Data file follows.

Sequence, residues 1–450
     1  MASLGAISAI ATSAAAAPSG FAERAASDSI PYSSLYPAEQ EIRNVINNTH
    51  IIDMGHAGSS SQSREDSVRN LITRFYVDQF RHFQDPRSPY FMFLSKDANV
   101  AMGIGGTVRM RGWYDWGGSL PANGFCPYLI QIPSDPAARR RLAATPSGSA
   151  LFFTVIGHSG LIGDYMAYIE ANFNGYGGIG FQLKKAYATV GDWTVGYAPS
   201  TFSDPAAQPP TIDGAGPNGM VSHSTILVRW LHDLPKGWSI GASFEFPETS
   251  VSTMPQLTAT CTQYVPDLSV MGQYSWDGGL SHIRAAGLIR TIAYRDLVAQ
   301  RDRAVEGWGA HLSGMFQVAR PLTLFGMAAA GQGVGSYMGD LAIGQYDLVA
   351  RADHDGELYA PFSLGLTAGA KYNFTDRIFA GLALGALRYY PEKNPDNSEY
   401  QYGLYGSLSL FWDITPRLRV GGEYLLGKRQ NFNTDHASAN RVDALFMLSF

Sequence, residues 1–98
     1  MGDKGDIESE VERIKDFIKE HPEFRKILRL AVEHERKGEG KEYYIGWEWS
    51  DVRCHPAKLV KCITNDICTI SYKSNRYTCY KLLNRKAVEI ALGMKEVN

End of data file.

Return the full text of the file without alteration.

Sequence, residues 1–450
     1  MASLGAISAI ATSAAAAPSG FAERAASDSI PYSSLYPAEQ EIRNVINNTH
    51  IIDMGHAGSS SQSREDSVRN LITRFYVDQF RHFQDPRSPY FMFLSKDANV
   101  AMGIGGTVRM RGWYDWGGSL PANGFCPYLI QIPSDPAARR RLAATPSGSA
   151  LFFTVIGHSG LIGDYMAYIE ANFNGYGGIG FQLKKAYATV GDWTVGYAPS
   201  TFSDPAAQPP TIDGAGPNGM VSHSTILVRW LHDLPKGWSI GASFEFPETS
   251  VSTMPQLTAT CTQYVPDLSV MGQYSWDGGL SHIRAAGLIR TIAYRDLVAQ
   301  RDRAVEGWGA HLSGMFQVAR PLTLFGMAAA GQGVGSYMGD LAIGQYDLVA
   351  RADHDGELYA PFSLGLTAGA KYNFTDRIFA GLALGALRYY PEKNPDNSEY
   401  QYGLYGSLSL FWDITPRLRV GGEYLLGKRQ NFNTDHASAN RVDALFMLSF

Sequence, residues 1–98
     1  MGDKGDIESE VERIKDFIKE HPEFRKILRL AVEHERKGEG KEYYIGWEWS
    51  DVRCHPAKLV KCITNDICTI SYKSNRYTCY KLLNRKAVEI ALGMKEVN